He is determined to see that no student ever walks out of the Academy of Rock because they feel they can’t play music.
“ I never let anyone say ‘can’t’ in here,” he said. “When people come here, it is about instilling a sense of ‘I can.’ Even if someone is here for just a few lessons, I want them to know it’s going to be the most positive experience they are going to have.”
And while the school is called The Academy of Rock and Kim is the kind of guy that has Black Sabbath running through his veins, they teach what the students want to play. That means all styles of music. The academy also welcomes all ages; Kim said his youngest student is 6 and the oldest he has taught was 72. Many students have the goal of forming their own bands, but not all do.
“We had one guy come in and all he wanted was to learn how to play Johnny Cash for his grandfather and I was like ‘that is awesome.’ It’s always about finding what resonates with a person and talking to that.”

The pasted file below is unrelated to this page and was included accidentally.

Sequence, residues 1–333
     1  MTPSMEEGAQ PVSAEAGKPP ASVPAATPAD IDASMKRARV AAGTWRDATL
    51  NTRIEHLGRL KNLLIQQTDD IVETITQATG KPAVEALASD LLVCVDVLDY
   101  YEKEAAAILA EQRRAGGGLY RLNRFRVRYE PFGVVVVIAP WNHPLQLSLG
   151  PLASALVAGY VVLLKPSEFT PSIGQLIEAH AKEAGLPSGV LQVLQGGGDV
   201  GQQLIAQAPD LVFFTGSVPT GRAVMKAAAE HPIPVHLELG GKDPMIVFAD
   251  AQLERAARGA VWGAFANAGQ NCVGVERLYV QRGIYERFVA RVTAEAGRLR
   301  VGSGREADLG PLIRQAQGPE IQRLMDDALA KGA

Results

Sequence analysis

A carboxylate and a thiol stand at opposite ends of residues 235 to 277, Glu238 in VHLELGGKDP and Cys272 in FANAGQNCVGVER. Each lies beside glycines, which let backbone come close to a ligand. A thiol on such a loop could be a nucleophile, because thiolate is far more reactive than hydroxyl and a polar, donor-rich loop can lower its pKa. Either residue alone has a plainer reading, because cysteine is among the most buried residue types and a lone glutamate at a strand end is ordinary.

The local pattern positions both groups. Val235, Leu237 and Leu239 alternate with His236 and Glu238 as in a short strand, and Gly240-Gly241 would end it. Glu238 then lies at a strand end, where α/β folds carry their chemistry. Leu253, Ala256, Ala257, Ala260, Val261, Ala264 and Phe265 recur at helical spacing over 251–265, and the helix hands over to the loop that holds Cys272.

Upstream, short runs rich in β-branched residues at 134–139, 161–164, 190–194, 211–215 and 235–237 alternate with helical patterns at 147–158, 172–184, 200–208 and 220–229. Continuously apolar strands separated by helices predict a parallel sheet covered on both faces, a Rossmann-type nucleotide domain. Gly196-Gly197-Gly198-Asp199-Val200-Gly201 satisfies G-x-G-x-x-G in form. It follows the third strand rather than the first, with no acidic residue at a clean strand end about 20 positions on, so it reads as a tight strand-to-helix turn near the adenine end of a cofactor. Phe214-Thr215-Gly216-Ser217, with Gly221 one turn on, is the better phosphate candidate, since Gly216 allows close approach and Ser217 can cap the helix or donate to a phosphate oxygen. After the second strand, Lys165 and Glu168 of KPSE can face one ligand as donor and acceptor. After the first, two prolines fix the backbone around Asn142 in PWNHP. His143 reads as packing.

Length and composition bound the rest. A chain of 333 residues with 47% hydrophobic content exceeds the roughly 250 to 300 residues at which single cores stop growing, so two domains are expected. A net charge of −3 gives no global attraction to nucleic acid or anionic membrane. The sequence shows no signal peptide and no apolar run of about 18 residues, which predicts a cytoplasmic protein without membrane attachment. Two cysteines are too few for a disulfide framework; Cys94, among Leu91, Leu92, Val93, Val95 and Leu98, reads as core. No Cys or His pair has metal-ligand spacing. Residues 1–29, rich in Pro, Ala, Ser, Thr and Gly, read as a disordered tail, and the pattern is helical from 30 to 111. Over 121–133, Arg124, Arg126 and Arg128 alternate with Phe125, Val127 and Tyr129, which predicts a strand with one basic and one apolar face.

The Academy is centrally located in the middle of Main Street but there is a good chance you have driven by it and not noticed it as there is no sign and Kim doesn’t advertise.
“People tell me, I should advertise but that’s not me, I figure if they find me, it’s meant to be,”
And people do find him.
“We are very fortunate to have the support of the local music scene and the folks within it like Ron Buzzel of Rondog Stage Technicians, who surprised us with a small grant.”
Inside, the academy looks like a hip kid’s basement with comfy retro furniture scattered about, while guitars and student art work line the walls.
He showed me the stage where the students will perform on Saturday and mentioned that his band Milton Gabor might even play a few tunes and show the students what their teachers are all about. He knows the kids are nervous, but has confidence that they will be great.
“I’m just trying to create an easy, open atmosphere so I can get these kids to relax as much as possible because everyone gets nervous walking on stage,” he said.“But then once they are done and that kid gives you that look that says “I did it,” it’s great to know you had a part in holding someone up like that.”
Sheryl Hunter is a music writer who lives in Easthampton. Her work has appeared in various regional and national magazines. You can contact her at firstname.lastname@example.org